Home Startup Stories Ibiza Invasion : How it all started

Ibiza Invasion : How it all started

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Ibiza Invasion : How it all started

1 How did you come up with idea?
At University, I was an active member of the Leeds University Law Society where I was the Society Social Secretary and then President. My job description included organising tonnes of socials and trips away for our members. These events were always packed out and we developed a reputation for organising the best socials on campus. In particular, I organised one event in Birmingham which saw the law societies of Leeds, Manchester and East Anglia ‘invade’ Birmingham for the weekend. We had over 400 law students on the weekender and it got me thinking that if we can get this amount of just law students on the event, can we not have cities invading other cities…and that’s how invasion events was born!

2 When and how did you set up your business. What was difficult and how long did it take you?
I set it up upon graduation in July 2008. I had a 7 month gap year coming up that I needed to fund and rather than getting a temporary job, I thought this was going to be my golden goose and make an immediate nice chunk of cash! How wrong I was.

How did your first event go? As planned?

We actually made a £4,000 loss! As the Birmingham Law event had been a weekender, we initially set Invasion up as a company offering weekend packages. We were charging £59 which included return coach travel, 2 nights in another city, accommodation and the club entrances. Whilst the package was really good value for money, after about 2 months of advertising we still only had had a couple of sales and the events looked bleak. So we restructured the event format by cutting out the hotel, which reduced our costs and we made it a 1 night invasion to another city for £20. This proved to be a much better formula because sales then started to pick up. The only problem was that we had signed a contract for 75 rooms with the hotel for the first original weekender event which had now been cancelled…so our first event involved myself and my business partners and 75 empty rooms in the hotel!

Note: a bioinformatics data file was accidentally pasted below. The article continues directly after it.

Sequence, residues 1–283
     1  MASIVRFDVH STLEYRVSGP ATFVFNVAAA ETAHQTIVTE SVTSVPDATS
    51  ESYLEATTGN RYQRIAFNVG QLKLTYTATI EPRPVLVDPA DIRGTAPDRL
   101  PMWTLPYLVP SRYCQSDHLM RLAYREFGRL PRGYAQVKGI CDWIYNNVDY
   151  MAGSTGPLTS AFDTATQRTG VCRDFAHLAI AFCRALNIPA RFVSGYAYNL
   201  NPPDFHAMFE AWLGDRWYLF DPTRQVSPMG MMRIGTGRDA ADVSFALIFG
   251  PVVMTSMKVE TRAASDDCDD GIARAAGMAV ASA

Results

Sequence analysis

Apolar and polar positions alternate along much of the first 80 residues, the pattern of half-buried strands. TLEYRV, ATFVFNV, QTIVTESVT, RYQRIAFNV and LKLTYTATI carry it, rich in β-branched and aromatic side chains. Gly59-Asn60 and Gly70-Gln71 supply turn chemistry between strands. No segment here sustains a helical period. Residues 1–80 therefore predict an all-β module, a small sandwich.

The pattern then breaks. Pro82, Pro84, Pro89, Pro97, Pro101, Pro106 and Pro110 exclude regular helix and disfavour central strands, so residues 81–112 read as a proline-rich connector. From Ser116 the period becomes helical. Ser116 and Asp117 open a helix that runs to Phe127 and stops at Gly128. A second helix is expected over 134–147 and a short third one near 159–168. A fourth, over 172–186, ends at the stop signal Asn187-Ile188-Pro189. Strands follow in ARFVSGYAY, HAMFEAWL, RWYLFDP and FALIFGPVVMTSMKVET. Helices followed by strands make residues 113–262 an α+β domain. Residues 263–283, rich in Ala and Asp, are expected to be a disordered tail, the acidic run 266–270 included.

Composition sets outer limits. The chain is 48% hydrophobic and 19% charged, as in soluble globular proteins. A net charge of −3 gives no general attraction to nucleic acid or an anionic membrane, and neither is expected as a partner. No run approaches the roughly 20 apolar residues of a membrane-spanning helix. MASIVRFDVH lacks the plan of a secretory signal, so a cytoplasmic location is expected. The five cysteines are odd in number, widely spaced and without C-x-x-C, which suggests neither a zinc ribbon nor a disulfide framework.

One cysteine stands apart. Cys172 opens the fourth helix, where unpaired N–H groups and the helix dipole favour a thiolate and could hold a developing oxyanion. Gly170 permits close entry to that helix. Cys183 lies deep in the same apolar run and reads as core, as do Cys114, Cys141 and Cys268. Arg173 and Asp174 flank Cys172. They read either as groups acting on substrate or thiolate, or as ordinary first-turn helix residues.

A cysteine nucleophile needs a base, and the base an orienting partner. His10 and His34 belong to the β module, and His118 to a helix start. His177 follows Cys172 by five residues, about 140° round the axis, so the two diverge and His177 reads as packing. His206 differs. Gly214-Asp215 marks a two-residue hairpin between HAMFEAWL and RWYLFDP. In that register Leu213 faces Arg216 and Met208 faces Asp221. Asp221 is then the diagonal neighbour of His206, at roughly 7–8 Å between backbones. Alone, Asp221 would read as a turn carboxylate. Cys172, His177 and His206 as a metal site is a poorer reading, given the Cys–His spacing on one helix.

4 When did you notice that your idea was successful and think this could work?
As soon as we restructured the event format and saw sales starting to pick up, with the strength of the brand, we knew that it was a winning formula. Despite making a massive loss on our first event, I didn’t despair and always believed that we’d pull it back. This proved correct as by the end of the first year, we had taken away 1000 students and managed to pay off the debt from the first event.

5 What difficulties did you face in the process?